Cyril and I had been in contact a fair bit by email. Now we talked in more detail as I guided him around. Cyril was almost totally blind, he used a big screen, magnified text and a magnifying glass to see the screen. Yet despite that, he was still writing.

I promised Cyril that I would write the story of the Pacific Belshaws. Like him, I thought that it would make a good yarn, how a family from the pits and mills of  Lancashire came over two generations to to be something of an intellectual and academic dynasty spanning four Pacific countries. I was cautious about some aspects of our family story, I thought that it might open wounds, but Cyril was determined that it should be all told.

I have made some progress on the task, although it's not my top writing priority. As I researched, I realised how much interests and values has passed down the small number of generations. We don't always see it, but it's there in a very pronounced fashion.

I will finish that book. In the meantime, this post is a small memorial for my cousin.          

Tuesday, December 04, 2018

Why I don't vote for a Prime Minister - and never have

The Australian Federal Parliamentary Liberal Party has changed its rules so that an elected Liberal Party prime minister in their first term cannot be removed unless there is a two-thirds majority of the party room voting for a change. These rules cannot be changed unless a two-thirds majority of the party room agree.

This followed a successful move by former labor Prime Minister Rudd’s to introduce a complicated, two-stage system that meant if the ALP caucus wanted to remove a leader, it would require a minimum of 60 per cent of the caucus vote if the party was in opposition, and 75 per cent if it were in government. Further, if there was more than one candidate for the leadership, either after a spill or an election loss, a temporary leader would be installed while there would be a month-long ballot process with the caucus and the rank-and-file each having a 50 per cent say in the outcome.

Both moves make me very uncomfortable for personal, constitutional and ideological reasons.

Under the Australian Westminster system, we vote for members of Parliament. The party that can command a majority in the lower house. the House of Representatives selects the PM. Perhaps more precisely, the person who can command a majority becomes PM and holds that position only so long as he or she, so far they have all been he, continues to command a majority.

While the question of who might become PM is an important factor in guiding many people's votes, people do vote for leaders, the constitutional position remains.

In my case, I can honestly say that I have never voted to make a particular person PM, nor do I normally regard my personal vote as important in this context. There are a number of reasons for this.

To begin with, I am voting for a person to represent my electorate in the lower house as well as people in the Senate. Slightly different personal rules apply in these two cases.

Like most Australians, I do have political affiliations. I describe my ideological position as New England populist, my traditional party affiliation as Country Party. My use of the term Country Party is revealing because that party no longer exists. While I supported the moves to broaden the Country Party base, while I am sympathetic to the National Party as successor party, I feel that the National Party as presently constituted no longer represents the things I believe in in quite the same way.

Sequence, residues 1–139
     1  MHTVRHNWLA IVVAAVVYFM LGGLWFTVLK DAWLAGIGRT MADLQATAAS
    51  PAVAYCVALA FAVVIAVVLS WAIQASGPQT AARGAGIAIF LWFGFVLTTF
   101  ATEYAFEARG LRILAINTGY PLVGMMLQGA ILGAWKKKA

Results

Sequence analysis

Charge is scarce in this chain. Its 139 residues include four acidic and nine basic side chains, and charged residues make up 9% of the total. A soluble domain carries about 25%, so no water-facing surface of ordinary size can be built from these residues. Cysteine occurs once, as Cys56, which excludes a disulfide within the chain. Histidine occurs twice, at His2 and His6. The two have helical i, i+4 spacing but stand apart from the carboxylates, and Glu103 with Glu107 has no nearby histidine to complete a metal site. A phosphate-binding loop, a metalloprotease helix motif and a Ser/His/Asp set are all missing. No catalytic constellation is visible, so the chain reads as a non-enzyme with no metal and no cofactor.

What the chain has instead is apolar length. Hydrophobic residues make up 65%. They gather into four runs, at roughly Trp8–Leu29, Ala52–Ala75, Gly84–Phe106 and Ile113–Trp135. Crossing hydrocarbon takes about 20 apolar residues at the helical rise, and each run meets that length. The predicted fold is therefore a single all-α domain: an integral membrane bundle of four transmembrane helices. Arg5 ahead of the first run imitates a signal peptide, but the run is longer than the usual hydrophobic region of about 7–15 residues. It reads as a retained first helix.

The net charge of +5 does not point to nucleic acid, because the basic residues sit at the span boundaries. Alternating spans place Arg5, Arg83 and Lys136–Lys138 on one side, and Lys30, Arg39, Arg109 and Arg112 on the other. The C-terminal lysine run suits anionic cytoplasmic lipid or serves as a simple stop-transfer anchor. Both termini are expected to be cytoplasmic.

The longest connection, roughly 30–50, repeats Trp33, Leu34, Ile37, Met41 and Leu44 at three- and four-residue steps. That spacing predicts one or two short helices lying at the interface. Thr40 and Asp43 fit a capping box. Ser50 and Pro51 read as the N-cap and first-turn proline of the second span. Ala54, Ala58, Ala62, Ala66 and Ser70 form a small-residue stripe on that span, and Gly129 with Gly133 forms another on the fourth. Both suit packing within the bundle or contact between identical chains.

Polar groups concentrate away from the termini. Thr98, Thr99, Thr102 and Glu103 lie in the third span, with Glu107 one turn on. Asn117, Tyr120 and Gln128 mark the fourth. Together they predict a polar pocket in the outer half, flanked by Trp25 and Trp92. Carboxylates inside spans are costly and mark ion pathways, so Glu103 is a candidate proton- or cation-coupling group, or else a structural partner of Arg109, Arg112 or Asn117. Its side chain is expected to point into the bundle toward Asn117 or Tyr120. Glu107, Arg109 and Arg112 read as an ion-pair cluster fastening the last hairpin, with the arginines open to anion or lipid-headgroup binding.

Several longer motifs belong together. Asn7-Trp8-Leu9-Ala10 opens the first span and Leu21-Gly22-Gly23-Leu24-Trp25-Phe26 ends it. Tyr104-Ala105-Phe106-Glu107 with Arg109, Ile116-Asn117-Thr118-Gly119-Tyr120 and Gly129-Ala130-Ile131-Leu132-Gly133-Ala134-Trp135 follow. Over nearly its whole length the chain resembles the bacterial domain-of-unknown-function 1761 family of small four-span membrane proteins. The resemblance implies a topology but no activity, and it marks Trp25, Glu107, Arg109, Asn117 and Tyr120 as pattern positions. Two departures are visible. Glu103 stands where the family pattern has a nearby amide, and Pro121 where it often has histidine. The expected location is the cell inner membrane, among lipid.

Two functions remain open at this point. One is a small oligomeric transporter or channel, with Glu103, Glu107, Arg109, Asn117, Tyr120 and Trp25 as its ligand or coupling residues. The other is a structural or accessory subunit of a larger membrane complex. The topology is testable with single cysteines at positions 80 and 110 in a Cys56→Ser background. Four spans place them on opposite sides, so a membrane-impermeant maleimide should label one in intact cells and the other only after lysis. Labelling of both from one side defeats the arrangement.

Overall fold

If you look at the simple description in the last paragraph you will get a feel for my discomfort. I am neither Labor nor Liberal. I do not regard the Country or now National Party as simply an agrarian or rural rump of the conservative side of politics. While the coalition agreement is long standing, I see the role of the Country/National Party as to deliver for certain sections of the Australian community independent of who is in power.

The commentary around the leadership in either Labor or Liberal Parties, or the media for that matter, almost implies that those parties have some god-given rights, that the Australian people vote to determine which of their respective leaders become PM and that the party in question must respect that choice.

Leaving aside the increasing proportion of Australians who do not vote for either of the biggest parties, both Labor and Liberal got just over a third of the vote at the last Federal election, we live in a parliamentary not presidential system. Labor and Liberal may choose to bind themselves in leadership terms for political and internal reasons, but that is a party decision driven by the ways in which their own internal instability had adverse consequences. Both seek to bind parliamentarians to prevent them acting in ways which for political or policy reasons might damage executive control or the perceived chances of electoral success.

Looking back over Australian political history, party instability is not uncommon. I think that's probably the nature of the beast in circumstances where power and prestige become dominant. Looking back over Australian political history, the electorate exercises its own corrective power.

Looking back over Australian political history, the most successful governments have generally been parliamentary rather than presidential, governments in which the prime minister or premier managed to control egos while giving ministers real power within the cabinet framework.  

Concluding, I am not very fond of Mr Shorten. Part of the reasons are personal, emotional, part policy. My views may well be wrong, However, I draw comfort from the strength of some of the Labor front-benchers around the leader, people I have developed a great deal of respect for.

I would be much happier with the prospect of a Labor government if Mr Shorten could be removed should he stuff up. This is now harder to do. That does not make me a happy chappie.